Three cases of Japanese businesses working towards the SDGs
[May 19, 2021] BY Worker's Resort Editorial Team
What is the term “SDGs,” which is often used in Japan?
In Japan, the term “SDGs” has increasingly been seen in corporate advertisements and promotions since 2018. It is often used to describe environmentally friendly initiatives, but it is actually an abbreviation for Sustainable Development Goals. It was first introduced at the UN Sustainable Development Summit, held in September 2015 at their Headquarters in New York, and broadly refers to the global goals set to be achieved within 15 years, from 2016 to 2030.
The world was greatly shaken by the effects of the pandemic in the year 2020, but it was also a year that marked 10 years until the deadline of the SDGs. So, to what extent are the SDGs being addressed in Japan today? Before introducing some examples from Japan, let’s first review the basics of these SDGs.
The specifics of the SDGs are outlined in the 2030 Agenda for Sustainable Development, a set of 17 goals and 169 targets aimed at ending poverty and spurring action to build a more sustainable world by 2030. It focuses on three elements: economic growth, social inclusion, and environmental protection.
(Image from the website of the United Nations Communications website)
Apart from the integration of the economy, society, and environment, what makes the SDGs groundbreaking is the “universality of the goals, which apply to all countries,” the “need for a cross-sectoral approach,” and the “emphasis on global partnerships,” according to the 2017 White Paper on the Environment, the Sound Material-Cycle Society, and Biodiversity, published by Japan’s Ministry of the Environment.
As many as 193 UN member states have agreed to the SDGs, and support is growing around the world, partly due to the push from the UN High Level Political Forum (HLPF), which regularly monitors the numerical targets.
About half of Japanese companies are aware of the SDGs, but have not yet adopted them
With the familiarization of the SDGs, the notion of “do what you can for the world and for the betterment of people’s lives” is becoming a global standard in the corporate world. For this reason, the number of Japanese companies that connect corporate social responsibility (CSR) with SDGs has been increasing.
For example, Starbucks Coffee Japan began phasing out the use of plastic straws in January 2020, and implemented the use of paper straws in all of its approximately 1,500 stores throughout Japan in March of that year. The company made headlines when it announced that this change would lead to a reduction of about 200 million plastic straws per year.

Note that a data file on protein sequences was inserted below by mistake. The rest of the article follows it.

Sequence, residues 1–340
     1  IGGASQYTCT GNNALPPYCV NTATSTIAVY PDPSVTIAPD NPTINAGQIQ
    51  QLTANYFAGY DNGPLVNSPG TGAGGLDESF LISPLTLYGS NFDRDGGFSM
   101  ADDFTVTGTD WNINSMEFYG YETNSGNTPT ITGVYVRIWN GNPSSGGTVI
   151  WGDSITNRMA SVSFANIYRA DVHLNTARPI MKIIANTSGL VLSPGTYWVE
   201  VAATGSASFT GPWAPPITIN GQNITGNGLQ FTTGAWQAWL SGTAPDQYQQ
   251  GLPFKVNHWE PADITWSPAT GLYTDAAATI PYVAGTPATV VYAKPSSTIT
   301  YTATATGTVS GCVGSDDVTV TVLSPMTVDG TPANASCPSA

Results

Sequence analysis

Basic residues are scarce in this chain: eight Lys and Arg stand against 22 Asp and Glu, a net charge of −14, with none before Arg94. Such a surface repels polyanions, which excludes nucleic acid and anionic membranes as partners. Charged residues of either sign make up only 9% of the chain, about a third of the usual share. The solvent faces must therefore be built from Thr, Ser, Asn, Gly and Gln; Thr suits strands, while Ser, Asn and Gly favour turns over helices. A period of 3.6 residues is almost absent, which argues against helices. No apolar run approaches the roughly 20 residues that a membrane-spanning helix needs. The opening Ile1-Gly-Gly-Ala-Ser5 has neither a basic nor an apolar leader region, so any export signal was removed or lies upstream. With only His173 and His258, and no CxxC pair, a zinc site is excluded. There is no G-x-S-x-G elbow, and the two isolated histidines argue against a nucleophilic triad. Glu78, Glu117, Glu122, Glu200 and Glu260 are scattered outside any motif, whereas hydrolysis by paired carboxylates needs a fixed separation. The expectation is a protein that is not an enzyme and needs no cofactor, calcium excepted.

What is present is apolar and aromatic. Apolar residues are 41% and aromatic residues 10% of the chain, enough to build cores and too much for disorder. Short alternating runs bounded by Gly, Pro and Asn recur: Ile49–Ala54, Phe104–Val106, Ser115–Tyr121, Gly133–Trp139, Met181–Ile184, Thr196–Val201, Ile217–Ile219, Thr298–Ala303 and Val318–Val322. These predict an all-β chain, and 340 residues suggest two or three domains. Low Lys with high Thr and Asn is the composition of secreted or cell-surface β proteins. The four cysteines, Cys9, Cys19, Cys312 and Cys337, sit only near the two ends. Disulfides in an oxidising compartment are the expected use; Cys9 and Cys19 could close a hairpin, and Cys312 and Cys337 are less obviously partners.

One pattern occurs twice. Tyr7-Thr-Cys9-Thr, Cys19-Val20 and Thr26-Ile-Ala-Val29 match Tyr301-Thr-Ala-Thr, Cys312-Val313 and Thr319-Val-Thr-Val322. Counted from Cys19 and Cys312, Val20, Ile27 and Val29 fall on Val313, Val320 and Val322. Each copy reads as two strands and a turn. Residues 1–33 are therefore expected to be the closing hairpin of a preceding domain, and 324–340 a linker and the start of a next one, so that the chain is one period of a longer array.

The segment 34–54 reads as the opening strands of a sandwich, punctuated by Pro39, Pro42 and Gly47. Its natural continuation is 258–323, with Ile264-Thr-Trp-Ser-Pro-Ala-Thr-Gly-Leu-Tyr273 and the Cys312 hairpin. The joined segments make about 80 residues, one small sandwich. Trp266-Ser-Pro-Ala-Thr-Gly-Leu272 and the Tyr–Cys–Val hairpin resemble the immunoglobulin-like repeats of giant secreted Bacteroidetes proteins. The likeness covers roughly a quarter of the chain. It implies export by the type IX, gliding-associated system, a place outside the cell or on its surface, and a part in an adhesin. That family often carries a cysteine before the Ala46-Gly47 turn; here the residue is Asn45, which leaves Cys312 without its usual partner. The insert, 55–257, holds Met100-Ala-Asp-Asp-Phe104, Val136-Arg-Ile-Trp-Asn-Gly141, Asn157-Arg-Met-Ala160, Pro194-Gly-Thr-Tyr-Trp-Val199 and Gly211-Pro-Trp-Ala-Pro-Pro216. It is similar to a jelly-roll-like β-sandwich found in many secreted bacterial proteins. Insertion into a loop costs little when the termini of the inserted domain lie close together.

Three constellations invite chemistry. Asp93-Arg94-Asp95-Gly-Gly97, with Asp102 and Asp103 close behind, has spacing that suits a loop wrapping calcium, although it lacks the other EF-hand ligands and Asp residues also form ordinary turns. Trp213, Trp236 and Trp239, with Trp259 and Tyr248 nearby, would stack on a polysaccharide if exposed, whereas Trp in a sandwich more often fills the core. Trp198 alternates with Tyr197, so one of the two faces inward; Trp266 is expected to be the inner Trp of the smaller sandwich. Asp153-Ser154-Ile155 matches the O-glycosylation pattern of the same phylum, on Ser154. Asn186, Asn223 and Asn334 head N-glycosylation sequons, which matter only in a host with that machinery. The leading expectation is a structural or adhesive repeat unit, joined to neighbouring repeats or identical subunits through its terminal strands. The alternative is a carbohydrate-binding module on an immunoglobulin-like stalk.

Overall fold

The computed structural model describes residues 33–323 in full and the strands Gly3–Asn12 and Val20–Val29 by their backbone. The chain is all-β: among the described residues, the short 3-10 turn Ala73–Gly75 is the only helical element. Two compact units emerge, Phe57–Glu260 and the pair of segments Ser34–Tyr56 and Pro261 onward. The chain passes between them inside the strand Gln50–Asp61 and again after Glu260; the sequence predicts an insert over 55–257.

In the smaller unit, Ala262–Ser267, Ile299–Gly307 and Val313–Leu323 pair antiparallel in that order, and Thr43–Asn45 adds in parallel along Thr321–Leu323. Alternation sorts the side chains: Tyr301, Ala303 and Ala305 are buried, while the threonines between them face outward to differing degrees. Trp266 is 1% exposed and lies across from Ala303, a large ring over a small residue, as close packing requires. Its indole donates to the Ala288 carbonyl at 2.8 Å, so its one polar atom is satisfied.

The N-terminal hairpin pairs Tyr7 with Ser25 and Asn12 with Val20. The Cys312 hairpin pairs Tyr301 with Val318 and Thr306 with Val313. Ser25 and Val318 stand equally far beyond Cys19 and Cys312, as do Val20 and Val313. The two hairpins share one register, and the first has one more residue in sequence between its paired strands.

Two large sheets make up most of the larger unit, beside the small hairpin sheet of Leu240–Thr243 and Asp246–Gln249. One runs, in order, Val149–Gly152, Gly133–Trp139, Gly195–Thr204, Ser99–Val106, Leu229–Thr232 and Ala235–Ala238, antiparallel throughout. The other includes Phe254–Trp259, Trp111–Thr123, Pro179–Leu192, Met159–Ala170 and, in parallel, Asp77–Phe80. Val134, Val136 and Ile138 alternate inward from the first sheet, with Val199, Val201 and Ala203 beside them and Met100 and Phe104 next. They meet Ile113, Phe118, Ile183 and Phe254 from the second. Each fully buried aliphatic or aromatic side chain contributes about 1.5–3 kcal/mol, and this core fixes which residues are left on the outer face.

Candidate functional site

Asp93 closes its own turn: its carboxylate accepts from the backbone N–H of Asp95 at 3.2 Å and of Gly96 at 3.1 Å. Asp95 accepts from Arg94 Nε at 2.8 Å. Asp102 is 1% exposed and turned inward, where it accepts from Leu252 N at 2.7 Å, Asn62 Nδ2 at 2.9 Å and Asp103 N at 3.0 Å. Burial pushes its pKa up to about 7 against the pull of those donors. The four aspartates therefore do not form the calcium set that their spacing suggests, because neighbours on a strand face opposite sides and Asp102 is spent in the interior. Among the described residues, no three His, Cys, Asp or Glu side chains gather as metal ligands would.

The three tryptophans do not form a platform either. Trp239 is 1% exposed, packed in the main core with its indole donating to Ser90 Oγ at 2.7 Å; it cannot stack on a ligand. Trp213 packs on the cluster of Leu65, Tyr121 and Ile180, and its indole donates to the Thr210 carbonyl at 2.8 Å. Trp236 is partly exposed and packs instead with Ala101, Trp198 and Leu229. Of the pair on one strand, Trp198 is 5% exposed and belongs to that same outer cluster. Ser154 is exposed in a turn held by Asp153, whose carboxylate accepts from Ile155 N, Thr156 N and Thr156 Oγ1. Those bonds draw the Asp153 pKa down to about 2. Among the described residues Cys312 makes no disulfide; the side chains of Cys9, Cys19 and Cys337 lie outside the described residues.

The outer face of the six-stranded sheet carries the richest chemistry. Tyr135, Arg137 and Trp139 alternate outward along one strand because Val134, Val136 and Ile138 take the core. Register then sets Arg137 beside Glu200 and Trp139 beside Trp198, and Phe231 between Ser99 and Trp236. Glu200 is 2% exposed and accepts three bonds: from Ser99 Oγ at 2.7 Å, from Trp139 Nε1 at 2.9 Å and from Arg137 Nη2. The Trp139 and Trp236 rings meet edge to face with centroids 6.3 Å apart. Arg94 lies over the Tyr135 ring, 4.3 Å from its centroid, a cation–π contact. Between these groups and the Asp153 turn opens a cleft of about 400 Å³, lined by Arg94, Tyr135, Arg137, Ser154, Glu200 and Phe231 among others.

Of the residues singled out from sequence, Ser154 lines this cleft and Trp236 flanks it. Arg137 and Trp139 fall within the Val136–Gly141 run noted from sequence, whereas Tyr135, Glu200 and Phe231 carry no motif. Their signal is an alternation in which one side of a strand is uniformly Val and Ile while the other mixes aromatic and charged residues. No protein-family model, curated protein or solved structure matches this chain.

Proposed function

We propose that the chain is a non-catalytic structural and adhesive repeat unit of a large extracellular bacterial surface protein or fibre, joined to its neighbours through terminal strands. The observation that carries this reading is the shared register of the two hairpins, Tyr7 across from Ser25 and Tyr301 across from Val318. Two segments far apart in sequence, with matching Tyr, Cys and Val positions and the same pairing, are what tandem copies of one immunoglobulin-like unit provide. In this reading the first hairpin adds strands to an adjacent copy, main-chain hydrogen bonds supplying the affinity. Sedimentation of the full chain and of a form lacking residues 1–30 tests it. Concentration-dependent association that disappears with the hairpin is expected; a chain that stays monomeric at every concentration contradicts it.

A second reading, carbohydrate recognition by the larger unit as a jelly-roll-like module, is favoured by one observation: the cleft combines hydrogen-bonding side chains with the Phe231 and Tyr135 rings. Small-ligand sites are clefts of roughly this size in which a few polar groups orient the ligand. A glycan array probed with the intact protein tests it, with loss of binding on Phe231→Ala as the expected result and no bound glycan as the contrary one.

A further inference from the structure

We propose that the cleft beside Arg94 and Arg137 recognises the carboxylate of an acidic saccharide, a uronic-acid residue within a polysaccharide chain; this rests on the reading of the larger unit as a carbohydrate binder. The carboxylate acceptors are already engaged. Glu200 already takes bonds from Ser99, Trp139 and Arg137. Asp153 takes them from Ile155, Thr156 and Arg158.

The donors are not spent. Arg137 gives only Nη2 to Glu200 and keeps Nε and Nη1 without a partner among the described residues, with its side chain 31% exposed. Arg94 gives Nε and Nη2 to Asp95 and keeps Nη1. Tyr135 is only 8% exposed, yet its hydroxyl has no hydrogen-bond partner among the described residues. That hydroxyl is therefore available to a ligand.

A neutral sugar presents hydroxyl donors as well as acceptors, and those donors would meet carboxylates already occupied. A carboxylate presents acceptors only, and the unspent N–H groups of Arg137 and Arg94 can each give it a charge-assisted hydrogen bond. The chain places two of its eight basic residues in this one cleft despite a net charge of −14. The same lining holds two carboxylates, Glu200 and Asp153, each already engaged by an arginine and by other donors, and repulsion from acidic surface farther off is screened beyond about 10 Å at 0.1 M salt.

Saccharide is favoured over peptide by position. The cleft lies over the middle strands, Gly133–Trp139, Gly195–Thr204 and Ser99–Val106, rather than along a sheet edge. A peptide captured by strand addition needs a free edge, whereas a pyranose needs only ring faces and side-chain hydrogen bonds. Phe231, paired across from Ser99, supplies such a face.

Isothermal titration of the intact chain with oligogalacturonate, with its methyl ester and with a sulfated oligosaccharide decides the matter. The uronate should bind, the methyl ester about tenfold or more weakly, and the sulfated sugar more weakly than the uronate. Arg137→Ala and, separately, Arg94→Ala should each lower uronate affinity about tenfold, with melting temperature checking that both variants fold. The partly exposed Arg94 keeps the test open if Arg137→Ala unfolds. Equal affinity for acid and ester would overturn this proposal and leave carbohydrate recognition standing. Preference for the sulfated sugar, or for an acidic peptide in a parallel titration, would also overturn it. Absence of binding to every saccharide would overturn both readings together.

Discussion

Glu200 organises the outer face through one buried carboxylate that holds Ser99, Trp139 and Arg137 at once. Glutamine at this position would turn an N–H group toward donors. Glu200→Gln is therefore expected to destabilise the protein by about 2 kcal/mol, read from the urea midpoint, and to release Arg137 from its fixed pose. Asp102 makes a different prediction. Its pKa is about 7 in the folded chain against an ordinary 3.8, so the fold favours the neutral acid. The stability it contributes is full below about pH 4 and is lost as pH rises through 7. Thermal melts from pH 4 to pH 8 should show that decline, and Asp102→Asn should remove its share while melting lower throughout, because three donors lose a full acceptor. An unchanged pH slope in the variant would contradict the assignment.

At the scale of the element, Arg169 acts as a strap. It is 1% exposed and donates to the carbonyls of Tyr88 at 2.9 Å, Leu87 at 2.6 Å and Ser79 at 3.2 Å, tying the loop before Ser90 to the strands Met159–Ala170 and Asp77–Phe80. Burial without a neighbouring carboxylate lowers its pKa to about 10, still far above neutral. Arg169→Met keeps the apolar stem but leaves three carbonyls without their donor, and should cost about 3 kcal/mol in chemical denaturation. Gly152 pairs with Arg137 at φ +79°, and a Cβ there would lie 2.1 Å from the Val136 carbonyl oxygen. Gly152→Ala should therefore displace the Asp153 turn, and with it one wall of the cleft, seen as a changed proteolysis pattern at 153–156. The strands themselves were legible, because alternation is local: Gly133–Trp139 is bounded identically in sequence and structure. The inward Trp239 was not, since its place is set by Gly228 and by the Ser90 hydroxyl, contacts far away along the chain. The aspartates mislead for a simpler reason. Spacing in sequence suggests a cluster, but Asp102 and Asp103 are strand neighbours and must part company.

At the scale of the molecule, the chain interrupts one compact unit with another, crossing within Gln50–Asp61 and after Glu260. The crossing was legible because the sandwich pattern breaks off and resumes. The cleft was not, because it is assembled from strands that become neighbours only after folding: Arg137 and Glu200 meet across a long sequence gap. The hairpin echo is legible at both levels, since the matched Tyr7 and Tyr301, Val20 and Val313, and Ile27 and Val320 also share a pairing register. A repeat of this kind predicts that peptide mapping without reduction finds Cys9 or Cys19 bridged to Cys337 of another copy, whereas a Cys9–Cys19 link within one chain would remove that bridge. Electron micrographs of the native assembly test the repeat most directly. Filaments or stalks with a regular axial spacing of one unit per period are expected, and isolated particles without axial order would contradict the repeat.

On the other hand, according to a survey conducted in June 2020 by Japan’s largest corporate credit research company, Teikoku Databank, which targeted 23,681 companies in Japan (11,275 valid responses), only 8% of companies “understand the meaning and importance of and are working on” SDGs. In addition, 16.4% of companies “understand the meaning or importance of the SDGs and want to work on them,” bringing the total to 24.4%, or about one in four companies that are proactive about SDGs. Nearly half of the remaining companies are aware of the SDGs, but have not taken action.
According to the Sustainable Development Report 2020, Japan ranks 17th in the world in achieving the SDGs. The report shows that Japan has achieved Goal 4 (Quality education); Goal 9 (Industry, innovation and infrastructure); and Goal 16 (Peace, justice and strong institutions). However, Goal 5 (Gender equality); Goal 13 (Climate action); Goal 14 (Life below water); Goal 15 (Life on land); and Goal 17 (Partnerships for the goals) and many others remain to be addressed, indicating that Japanese society is lagging behind in its efforts.
Successful examples of Japanese companies tackling the SDGs
As part of CSR, it is important that companies develop initiatives that support the SDGs, or work to combat other issues like poverty in developing countries. However, there may be many companies that feel that the SDGs are too grandiose a goal and don’t know where to start.
In the aforementioned survey, when asked which of the 17 goals of the SDGs they were focusing on, 15.9% of companies chose Goal 7 (Affordable and clean energy), 27.1% chose Goal 8 (Decent work and economic growth), a goal which is already attracting attention from the ongoing work style reforms. Below are some examples of companies that are addressing the SDGs, mainly from the environment aspect of Goal 7.
1. Enterprise Case Study: Daiwa House Group implements sustainable office buildings
Daiwa House Group, a large housing manufacturer in Japan, is working on net-zero energy housing, construction, and urban development in order to realize a decarbonized society and be more energy efficient. This incorporates 3 of the SDGs: Goal 7 (Affordable and clean energy); Goal 11 (Sustainable cities and communities); and Goal 12 (Responsible consumption and production).
This approach can also be seen in the company’s own offices. At the Daiwa House Saga Building in Saga Prefecture, a test to prove the self-sufficiency of renewable electricity has been underway since February 2018.